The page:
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From: TSS (216-119-144-35.ipset24.wt.net)
Subject: Epidemiological evidence of higher susceptibility to vCJD in the young [FULL TEXT]
Date: August 10, 2004 at 7:12 am PST

-------- Original Message --------
Subject: Epidemiological evidence of higher susceptibility to vCJD in the young
Date: Tue, 10 Aug 2004 08:55:56 -0500
From: "Terry S. Singeltary Sr."
To: Bovine Spongiform Encephalopathy
CC: cjdvoice@yahoogroups.com


Epidemiological evidence of higher susceptibility to
vCJD in the young
Pierre-Yves Boëlle1,*, Jean-Yves Cesbron2, Alain-Jacques Valleron1
1 INSERM U444, Assistance Publique Hôpitaux de Paris, Université Pierre et
Marie Curie, Paris, France
2 Immunité Anti-Infectieuse JE 2236, UFR de Médecine de Grenoble,
Université Joseph Fourier, Grenoble, France
* Corresponding author
Address :
Faculté de Médecine Saint-Antoine,
27 Rue Chaligny,
75571 PARIS CEDEX 12
e-mail adresses :
Pierre-Yves Boëlle : boelle@u444.jussieu.fr
Jean-Yves Cesbron : jycesbron@ujf-grenoble.fr
Alain-Jacques Valleron : valleron@u444.jussieu.fr
Abstract
Background
The strikingly young age of new variant Creutzfeldt-Jacob disease (vCJD)
cases
remains unexplained. Age dependent susceptibility to infection has been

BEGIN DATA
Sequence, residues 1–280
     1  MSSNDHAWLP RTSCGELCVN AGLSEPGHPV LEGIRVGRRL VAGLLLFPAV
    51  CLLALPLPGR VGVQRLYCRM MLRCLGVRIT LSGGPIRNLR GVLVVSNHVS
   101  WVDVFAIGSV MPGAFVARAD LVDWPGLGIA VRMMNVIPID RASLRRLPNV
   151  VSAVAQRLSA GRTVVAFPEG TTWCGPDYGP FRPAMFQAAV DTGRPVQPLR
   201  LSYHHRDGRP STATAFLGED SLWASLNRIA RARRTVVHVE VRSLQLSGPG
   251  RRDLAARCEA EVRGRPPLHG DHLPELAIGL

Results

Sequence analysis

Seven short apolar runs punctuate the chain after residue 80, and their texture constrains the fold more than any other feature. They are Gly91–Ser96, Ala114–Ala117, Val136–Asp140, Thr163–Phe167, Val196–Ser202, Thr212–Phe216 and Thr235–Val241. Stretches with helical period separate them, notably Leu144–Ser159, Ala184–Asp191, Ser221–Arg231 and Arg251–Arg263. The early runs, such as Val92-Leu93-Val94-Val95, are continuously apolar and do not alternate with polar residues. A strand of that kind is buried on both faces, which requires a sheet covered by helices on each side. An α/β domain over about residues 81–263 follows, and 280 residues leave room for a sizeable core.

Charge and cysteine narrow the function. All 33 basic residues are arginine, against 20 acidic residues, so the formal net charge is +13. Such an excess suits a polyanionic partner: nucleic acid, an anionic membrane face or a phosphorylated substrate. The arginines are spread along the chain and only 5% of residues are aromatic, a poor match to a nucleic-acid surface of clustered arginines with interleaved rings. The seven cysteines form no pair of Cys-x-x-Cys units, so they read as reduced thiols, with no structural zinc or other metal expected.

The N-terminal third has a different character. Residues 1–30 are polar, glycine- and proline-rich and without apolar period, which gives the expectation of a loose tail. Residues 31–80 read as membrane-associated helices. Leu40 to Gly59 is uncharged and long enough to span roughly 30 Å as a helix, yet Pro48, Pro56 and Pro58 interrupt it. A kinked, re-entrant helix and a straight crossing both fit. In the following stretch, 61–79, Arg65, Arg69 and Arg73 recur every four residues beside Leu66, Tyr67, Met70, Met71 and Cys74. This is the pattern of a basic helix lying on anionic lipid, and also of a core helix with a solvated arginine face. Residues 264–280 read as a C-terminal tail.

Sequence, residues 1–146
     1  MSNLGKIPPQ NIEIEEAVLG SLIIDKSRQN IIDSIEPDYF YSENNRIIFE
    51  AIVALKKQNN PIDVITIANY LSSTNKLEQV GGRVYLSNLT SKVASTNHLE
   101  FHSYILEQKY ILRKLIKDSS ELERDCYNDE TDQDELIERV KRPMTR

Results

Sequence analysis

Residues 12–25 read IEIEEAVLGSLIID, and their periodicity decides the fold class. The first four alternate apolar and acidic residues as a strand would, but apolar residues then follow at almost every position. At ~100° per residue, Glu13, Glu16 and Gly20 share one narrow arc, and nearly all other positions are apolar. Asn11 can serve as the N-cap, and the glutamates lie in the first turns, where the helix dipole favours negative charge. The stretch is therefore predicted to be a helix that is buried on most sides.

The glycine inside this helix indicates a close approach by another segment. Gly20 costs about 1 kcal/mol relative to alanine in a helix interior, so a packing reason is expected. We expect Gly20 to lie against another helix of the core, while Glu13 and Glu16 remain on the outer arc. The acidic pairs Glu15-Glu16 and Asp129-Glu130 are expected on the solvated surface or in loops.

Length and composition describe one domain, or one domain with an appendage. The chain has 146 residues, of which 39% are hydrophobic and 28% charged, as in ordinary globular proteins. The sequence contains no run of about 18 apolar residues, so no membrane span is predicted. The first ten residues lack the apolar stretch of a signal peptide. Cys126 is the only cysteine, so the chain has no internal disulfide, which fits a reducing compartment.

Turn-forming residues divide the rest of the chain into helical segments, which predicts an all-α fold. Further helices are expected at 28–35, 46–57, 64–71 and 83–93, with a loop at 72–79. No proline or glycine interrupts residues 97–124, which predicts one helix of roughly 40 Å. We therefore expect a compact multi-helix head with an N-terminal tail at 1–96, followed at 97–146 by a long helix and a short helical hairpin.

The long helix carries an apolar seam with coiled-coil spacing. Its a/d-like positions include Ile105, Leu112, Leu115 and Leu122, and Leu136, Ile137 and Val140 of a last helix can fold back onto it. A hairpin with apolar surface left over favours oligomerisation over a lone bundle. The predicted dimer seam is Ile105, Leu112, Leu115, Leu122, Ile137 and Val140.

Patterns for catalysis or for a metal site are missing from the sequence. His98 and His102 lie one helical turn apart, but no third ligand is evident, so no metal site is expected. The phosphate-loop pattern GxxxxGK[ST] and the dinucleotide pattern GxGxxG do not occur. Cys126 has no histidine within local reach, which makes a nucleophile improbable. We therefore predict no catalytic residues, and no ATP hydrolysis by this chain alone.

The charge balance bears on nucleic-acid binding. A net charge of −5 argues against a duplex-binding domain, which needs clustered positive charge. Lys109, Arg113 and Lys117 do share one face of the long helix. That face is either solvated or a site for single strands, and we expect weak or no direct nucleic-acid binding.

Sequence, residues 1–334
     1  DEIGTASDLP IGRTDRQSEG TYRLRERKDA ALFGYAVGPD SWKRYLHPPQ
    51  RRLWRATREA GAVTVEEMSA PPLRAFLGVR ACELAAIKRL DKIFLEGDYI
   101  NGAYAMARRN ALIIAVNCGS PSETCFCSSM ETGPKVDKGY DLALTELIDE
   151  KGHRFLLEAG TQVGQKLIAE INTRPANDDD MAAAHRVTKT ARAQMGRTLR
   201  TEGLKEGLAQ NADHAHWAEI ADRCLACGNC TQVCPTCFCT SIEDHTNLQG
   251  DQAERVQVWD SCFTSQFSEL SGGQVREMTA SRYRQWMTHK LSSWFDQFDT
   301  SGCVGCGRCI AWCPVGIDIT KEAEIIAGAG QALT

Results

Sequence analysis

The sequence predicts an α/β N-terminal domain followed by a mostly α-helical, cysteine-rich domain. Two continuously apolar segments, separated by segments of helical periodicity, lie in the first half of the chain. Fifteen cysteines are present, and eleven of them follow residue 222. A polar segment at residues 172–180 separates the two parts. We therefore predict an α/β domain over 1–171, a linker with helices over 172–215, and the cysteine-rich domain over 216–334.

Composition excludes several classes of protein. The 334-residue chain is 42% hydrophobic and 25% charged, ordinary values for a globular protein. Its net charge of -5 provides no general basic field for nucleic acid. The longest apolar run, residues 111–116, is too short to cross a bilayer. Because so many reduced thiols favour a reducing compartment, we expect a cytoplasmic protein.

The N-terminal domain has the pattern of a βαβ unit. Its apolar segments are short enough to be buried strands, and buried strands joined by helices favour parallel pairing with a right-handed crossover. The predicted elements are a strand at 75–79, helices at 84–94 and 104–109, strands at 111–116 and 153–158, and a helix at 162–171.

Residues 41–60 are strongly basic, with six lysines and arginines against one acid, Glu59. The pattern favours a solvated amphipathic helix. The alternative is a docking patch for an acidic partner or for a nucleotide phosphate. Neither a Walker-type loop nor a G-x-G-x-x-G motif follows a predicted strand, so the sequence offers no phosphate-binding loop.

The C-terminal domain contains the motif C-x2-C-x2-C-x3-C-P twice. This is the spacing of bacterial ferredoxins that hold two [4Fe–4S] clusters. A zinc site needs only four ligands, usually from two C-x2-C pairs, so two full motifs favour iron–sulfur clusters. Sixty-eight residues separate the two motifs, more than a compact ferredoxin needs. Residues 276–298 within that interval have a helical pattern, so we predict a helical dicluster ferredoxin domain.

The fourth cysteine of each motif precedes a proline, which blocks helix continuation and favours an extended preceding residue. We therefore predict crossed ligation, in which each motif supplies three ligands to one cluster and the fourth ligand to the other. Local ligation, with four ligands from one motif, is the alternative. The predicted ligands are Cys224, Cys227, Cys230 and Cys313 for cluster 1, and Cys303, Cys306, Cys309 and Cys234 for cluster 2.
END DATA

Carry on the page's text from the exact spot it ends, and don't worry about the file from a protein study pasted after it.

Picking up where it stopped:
put forward,
but differential dietary exposure to contaminated food products in the
UK population
according to age and sex during the bovine spongiform encephalopathy (BSE)
epidemic may provide a simpler explanation.
Methods
Using recently published estimates of dietary exposure in mathematical
models of the
epidemiology of the new variant Creutzfeldt Jacob disease (vCJD), we examine
whether the age characteristics of vCJD cases may be reproduced.
Results
The susceptibility/exposure risk function has likely peaked in
adolescents and was
followed by a sharp decrease with age, evocative of the profile of
exposure to bovine
material consumption according to age. However, assuming that the risk of
contamination was proportional to exposure, with no age dependent
susceptibility, the
model failed to reproduce the observed age characteristics of the vCJD
cases: The
predicted cumulated proportion of cases over 40 years was 48%, in strong
disagreement with the observed 10%. Incorporating age dependent
susceptibility led
to a cumulated proportion of cases over 40 years old of 12%.
Conclusions
This analysis provides evidence that differential dietary exposure alone
fails to
explain the pattern of age in vCJD cases. Decreasing age related
susceptibility is
required to reproduce the characteristics of the age distribution of
vCJD cases.
Background
Owing to the lack of data concerning age dependent dietary exposure to
bovine
material in food in the UK, mathematical models used in the study of new
variant
Creutzfeldt-Jacob disease (vCJD) have postulated an age risk function for
contamination where the influence of age dependent dietary exposure to
contaminated
material could not be separated from intrinsic age related
susceptibility [1-3]. For
example, we modelled exposure/susceptibility by a plateau during the
first 15 years of
age followed by an exponential decrease afterwards [2]. Using this